Organisations that get digital leadership right out-perform those who don’t, according to a new study by Oxford Economics.
The study reveals strong leadership pays dividends in the digital economy, where continuous innovation, rapid decision-making, and a global mindset are essential to success.
The research programme, sponsored by SAP, identified a rising generation of millennial executives who are impatient for change and unimpressed with the digital leadership skills of senior management.
The survey also suggests a relationship between effective diversity policies, executive leadership, and bottom-line performance.
According to the study, organisations with strong digital leadership report stronger financial performace, with 38% more likely than others to report strong revenue and profit growth.
Those businesses are building a stronger leadership pipeline, the study says.
“They have more mature strategies and programmes for hiring skilled talent (85% vs. 64% of others), building diversity (56% vs. 48%), and succession planning (72% vs. 50%),” the study says.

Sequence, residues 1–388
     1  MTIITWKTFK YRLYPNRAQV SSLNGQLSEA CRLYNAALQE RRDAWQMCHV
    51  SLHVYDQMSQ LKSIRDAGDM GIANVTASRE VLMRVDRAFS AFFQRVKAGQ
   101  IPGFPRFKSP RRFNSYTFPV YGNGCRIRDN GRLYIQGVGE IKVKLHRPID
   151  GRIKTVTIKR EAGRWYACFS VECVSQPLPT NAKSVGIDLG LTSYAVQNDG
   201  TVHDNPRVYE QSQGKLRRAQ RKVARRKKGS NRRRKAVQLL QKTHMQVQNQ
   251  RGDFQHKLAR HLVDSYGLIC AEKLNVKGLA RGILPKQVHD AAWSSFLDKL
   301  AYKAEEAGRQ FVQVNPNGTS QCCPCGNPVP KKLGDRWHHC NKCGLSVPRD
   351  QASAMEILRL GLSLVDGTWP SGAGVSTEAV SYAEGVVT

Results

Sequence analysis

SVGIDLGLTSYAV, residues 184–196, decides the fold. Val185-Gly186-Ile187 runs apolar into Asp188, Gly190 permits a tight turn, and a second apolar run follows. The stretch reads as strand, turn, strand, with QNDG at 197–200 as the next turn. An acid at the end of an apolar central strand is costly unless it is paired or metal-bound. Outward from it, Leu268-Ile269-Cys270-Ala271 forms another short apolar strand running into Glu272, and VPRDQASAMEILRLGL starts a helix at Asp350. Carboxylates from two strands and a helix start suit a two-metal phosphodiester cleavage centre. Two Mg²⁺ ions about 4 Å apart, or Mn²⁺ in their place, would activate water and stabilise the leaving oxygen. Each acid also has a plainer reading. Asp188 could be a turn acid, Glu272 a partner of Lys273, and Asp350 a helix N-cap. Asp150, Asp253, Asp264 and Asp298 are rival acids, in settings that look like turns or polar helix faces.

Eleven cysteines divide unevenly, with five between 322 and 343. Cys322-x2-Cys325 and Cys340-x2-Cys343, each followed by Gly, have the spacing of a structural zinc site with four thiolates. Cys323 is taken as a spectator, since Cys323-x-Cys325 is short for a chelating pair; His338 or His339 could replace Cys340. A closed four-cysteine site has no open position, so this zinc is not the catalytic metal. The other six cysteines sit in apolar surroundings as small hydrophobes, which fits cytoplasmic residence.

The survey shows organisations with stronger digital leadership have happier, more loyal employees. Employees from well-led companies are more satisfied (87% vs. 63% of others) and more likely to stay in their jobs if given the chance to leave (75% vs. 54%), according to the research.
What does it take to become one of these top performers? According to the study, the best-led companies:
- Embrace digital technologies. They are executing on a company-wide digital vision and embedding technology in all aspects of the organisation.
- Simplify decision-making. They make data-driven decisions in real time and distribute decision-making power across the organisation.
- Flatten the organisation. They are focused on reducing complexity and bureaucracy and offering the latest technology to all employees.
- Build a digital workforce. They are focused on improving digital proficiency among managers and employees and emphasising transformation readiness and the strategic use of technology.
“These findings should serve as a wakeup call for business leaders,” says Edward Cone, deputy director of Thought Leadership at Oxford Economics.
“Your employees, your younger executives, and your financial results are all sending you a clear message about the importance of updating and upgrading leadership skills for the digital age,” he explains.
“It’s time to listen and lead—or get out of the way.”